This cooler was manufactured by Westinghouse in the late 1930s, while the the Starr “X” bottle opener has a patent date of 1925. Though thousands of these ice chests were manufactured, many were scrapped over the years, and it’s become common to restore these pieces to within an inch of their life. Fortunately, this example is in excellent unrestored condition, and what flaws it has it wears with pride.

Sleep the Clock Around: Western Union Clock, ca. 1920s

In 1855, the Western Union Telegraph Company was formed by two rival companies who understood that consolidation was their best means to move forward. Western Union, which became the dominant force in telegraph service, owned more than a million miles of telegraph lines by the turn of the 20th century. Though now a thing of the past, telegrams were the state-of-the-art, go-to communications method in an era when messages would arrive via an out-of-breath delivery boy on his bike.

This 14″ x 14″ clock originally hung in one of Western Union’s offices, and while it’s in great condition and keeps good time, its appeal is more than just aesthetic.

After removing the heavy-gauge steel plate from the back of the clock to inspect the mechanism, I noticed a note pinned to the inside of the wood casing. The writer, age 80, describes seeing this clock in his local branch back in the 1920s and he’s left both his and his wife’s names at the bottom. Remarkable, no?

Heavy Medication: Illuminated Drugs Sign, ca. 1940s

Here in the U.S., drug stores can be spectacularly confounding. Walking the aisles, one can find vitamins, supplements, bandages, ointments… or speak to a medically trained expert, qualified in dispensing hundreds of varieties of pharmaceuticals. Then again, at the same store one can grab a pack of cigarettes, a Snuggie and a 4 lb. bag of Reese’s Peanut Butter Cups. Perhaps the business model is based on the consumer abusing one set of “products” and then remedying their ailment with another set?

Here we have a double-sided, lighted advertising sign that would have hung outside a drug store in the 1940s. The casing is wood and the glass areas possess hand-painted lettering that has gradually dried out and peeled, leaving a beautifully distressed window through which the porcelain light sockets can be seen.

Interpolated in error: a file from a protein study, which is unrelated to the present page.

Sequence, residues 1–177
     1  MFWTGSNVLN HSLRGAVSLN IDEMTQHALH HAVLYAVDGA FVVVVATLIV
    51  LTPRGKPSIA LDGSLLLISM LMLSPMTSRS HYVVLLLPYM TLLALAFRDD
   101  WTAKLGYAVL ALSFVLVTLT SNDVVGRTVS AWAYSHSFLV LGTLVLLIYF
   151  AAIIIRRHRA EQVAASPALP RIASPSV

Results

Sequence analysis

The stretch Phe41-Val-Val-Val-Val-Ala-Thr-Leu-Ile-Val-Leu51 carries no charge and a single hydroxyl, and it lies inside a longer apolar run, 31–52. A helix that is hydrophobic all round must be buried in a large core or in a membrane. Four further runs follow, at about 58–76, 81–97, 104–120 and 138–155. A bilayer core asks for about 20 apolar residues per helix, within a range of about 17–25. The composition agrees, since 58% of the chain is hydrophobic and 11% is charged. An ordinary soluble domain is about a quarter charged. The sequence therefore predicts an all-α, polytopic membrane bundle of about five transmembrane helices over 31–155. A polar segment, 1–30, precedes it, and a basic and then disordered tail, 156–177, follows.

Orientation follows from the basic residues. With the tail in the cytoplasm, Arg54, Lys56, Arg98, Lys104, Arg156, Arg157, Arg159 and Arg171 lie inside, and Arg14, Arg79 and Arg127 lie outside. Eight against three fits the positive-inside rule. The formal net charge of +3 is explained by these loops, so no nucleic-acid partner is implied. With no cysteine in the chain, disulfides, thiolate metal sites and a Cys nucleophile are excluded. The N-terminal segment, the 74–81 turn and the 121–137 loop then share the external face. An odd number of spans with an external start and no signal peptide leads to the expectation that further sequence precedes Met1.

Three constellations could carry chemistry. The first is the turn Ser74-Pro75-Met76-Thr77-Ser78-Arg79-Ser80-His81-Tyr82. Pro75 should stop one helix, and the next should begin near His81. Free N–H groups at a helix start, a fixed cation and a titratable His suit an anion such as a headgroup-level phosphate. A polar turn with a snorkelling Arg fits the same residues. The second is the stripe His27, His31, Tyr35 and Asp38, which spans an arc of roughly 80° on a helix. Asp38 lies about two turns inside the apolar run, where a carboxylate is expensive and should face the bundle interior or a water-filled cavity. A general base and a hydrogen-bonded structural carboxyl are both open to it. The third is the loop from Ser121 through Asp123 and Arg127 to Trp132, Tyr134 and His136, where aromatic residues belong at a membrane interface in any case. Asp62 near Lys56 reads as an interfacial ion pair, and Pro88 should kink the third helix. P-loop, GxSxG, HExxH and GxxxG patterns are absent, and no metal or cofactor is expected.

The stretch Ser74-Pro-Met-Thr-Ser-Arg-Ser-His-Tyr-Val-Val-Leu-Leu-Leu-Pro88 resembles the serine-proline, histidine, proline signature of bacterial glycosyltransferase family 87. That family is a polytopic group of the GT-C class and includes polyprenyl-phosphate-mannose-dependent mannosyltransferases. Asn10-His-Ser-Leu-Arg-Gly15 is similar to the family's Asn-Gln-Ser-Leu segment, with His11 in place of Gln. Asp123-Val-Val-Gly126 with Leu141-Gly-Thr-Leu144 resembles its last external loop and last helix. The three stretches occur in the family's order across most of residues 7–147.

This item is currently available for purchase at Modern Anthology.

The Sum of All Parts: New Departure Tool Box, ca. 1940s

A place for everything and everything in its place. Isn’t that the instruction Moms collectively passed down to their youngins?

New Departure Manufacturing Company started business in 1888 as a maker of doorbells before shifting gears (yes, a lame pun) and moving into automobile, motorcycle and bicycle parts. More specifically, coaster brakes, wheel hubs and precision ball bearings. (Incidentally, brothers Albert and Edward Rockwell also formed the Yellow Taxicab Company in 1909 but that’s a story for another post).

Toward the end of the First World War, the company was acquired by General Motors who accurately surmised the value of their bearing components.

This rather large tool kit (25″ x 12″) managed to weather many bike shop-related storms over the years and surprisingly still possesses clear graphics and only mild pitting of the steel. Under the hinged top is a storage section for larger tools and parts while below, two ample drawers reside, each with divided sections for smaller components.

Dirty Dozen: Mid-Continent Petroleum Sign, ca. 1920s

The Mid-Continent Petroleum Corporation was established in 1918 and the Tulsa, OK offices became the company’s headquarters in 1925. In 1933, D-X gasoline was introduced and service stations were branded with, “Diamond Gasoline Motor Oil”. Throughout the 1980s and 90s their network of stations were again re-branded as the familiar, Sunoco.

This twelve foot long sign is one that hung outside the Tulsa, OK headquarters for a couple of decades before being removed in the 1950s when Mid-Continent merged with Sunray Oils. The story goes that after this, the sign was stored for more than fifty years in the rafters of one of the company’s Oklahoma plants. With the rise in collectibilty of gas and petrol related items over the last decade, the provenance surrounding this piece is fascinating and raises the question of what else could be out there just waiting to be discovered.

The sign itself is steel with gold-leaf lettering, surrounded by a solid wood frame. Some of the lettering, especially around the word, “petroleum” has faded with time but overall, this historic gas collectible is in excellent condition.